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Mohammad Ali Babakhel | Nov 02, 2016

Opportunities are like sunrises. If you wait too long,you miss them.”

— William Arthur Ward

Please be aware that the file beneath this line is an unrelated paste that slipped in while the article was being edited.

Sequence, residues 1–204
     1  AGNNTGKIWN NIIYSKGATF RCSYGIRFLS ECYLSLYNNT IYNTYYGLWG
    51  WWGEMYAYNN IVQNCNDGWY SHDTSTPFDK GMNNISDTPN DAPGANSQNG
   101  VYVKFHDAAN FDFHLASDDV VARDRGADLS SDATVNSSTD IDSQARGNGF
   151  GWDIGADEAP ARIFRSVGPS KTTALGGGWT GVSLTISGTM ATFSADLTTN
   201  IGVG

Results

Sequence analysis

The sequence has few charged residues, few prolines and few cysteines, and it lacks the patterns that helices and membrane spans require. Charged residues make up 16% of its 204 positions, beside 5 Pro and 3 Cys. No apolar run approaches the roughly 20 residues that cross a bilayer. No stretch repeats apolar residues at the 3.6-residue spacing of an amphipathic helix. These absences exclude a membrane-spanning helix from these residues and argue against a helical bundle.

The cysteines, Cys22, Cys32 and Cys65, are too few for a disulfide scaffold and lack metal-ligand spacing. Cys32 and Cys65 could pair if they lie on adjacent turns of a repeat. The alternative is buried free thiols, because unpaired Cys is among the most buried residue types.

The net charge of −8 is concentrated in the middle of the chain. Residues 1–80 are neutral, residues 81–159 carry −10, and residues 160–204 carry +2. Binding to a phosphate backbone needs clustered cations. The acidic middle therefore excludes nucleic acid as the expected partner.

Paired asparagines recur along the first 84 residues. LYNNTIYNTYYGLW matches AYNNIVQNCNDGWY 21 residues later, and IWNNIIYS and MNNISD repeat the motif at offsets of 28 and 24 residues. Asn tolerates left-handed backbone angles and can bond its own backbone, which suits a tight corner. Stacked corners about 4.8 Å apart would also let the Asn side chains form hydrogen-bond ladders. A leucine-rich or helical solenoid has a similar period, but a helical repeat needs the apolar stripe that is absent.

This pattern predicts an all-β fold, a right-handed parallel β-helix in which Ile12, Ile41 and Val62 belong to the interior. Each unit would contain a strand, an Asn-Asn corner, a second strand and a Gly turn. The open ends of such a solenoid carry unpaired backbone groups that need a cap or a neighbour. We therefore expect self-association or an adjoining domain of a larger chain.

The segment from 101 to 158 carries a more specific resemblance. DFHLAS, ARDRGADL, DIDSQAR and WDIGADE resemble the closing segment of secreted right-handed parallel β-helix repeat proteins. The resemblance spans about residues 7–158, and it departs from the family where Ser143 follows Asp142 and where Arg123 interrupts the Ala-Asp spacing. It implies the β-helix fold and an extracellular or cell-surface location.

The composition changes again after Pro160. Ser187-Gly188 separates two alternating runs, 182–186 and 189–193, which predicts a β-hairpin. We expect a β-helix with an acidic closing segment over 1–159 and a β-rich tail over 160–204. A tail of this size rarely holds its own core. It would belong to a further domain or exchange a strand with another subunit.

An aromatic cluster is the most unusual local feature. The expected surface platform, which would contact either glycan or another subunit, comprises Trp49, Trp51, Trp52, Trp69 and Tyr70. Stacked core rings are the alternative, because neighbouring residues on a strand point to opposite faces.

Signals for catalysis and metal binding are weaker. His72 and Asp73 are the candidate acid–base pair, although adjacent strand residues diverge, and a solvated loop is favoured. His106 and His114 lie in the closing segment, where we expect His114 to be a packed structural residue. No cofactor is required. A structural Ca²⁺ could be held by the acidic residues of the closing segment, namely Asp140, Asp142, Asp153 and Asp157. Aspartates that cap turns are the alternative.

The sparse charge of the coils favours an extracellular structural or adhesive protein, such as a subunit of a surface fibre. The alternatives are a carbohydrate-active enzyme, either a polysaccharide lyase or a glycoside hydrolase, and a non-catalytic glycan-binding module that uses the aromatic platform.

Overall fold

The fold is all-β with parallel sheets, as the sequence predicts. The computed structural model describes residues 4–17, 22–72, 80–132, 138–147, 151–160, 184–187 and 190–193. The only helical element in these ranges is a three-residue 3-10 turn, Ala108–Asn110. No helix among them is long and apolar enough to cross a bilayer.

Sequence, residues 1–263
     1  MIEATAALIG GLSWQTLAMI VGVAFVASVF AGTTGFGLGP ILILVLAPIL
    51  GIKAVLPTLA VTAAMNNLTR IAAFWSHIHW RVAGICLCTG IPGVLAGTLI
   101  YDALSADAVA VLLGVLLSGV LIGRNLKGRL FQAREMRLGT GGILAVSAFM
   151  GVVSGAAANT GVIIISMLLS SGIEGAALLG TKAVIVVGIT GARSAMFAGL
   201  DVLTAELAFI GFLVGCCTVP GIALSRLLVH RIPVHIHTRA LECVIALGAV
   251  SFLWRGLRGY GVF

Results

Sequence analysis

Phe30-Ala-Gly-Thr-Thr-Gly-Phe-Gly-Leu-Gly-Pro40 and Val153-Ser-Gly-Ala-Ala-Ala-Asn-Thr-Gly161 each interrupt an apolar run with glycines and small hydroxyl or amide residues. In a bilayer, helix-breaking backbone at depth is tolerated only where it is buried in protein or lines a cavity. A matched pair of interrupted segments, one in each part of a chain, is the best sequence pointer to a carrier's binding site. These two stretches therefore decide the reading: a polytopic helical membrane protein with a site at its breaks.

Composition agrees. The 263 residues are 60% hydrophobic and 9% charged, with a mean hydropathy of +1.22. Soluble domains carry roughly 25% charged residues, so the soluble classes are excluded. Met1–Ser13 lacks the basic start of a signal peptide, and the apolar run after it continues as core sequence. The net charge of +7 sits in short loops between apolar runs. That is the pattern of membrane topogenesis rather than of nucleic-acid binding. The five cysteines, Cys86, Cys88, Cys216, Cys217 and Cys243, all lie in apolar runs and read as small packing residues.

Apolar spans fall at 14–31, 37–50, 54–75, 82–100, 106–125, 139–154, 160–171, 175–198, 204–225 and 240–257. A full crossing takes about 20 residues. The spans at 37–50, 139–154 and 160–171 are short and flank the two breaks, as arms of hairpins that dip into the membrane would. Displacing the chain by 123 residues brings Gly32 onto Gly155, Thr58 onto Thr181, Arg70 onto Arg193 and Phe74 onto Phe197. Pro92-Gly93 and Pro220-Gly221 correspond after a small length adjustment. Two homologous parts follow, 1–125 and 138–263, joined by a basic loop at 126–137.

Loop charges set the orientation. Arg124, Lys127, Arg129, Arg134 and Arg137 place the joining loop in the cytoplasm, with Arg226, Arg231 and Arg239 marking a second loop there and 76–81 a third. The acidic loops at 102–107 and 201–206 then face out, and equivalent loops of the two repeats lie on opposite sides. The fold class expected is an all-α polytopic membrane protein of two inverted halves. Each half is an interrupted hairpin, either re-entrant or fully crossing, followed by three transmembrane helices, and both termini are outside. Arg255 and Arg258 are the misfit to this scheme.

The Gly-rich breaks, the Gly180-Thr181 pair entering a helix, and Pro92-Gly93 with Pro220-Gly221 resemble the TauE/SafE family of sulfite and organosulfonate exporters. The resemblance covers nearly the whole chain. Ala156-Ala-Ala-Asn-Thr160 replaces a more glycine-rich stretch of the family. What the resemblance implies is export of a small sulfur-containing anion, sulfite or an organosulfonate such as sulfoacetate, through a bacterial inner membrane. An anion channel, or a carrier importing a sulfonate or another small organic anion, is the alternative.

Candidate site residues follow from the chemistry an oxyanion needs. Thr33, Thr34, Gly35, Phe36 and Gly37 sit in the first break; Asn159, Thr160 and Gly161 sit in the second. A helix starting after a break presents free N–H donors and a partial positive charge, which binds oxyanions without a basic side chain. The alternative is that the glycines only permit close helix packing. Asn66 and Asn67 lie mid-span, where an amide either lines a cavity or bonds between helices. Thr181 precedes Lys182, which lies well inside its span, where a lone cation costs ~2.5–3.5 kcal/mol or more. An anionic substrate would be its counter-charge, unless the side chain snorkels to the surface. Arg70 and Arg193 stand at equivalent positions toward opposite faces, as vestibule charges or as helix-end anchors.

After 22 months of the formulation of 20 points National Action Plan (NAP), debate regarding its implementation gave birth to a number of questions. Before the drafting of the NAP, national consensus regarding tackling the challenge of militancy and terrorism was a missing link. The NAP depicts that with political ownership, clarity, better civil-military understanding, coordination and public support, we may effectively respond to the challenge and convert it into an opportunity for structural readjustment. Undoubtedly, the formulation of the NAP was not only a right step for consolidating anti-terrorism efforts but it also raised public expectations. Before formulation of the NAP, provinces and the centre enacted laws and raised counter-terrorism forces but the NAP for the first time consolidated legislative, administrative, institutional and reformative steps to be implemented by the centre and provinces.

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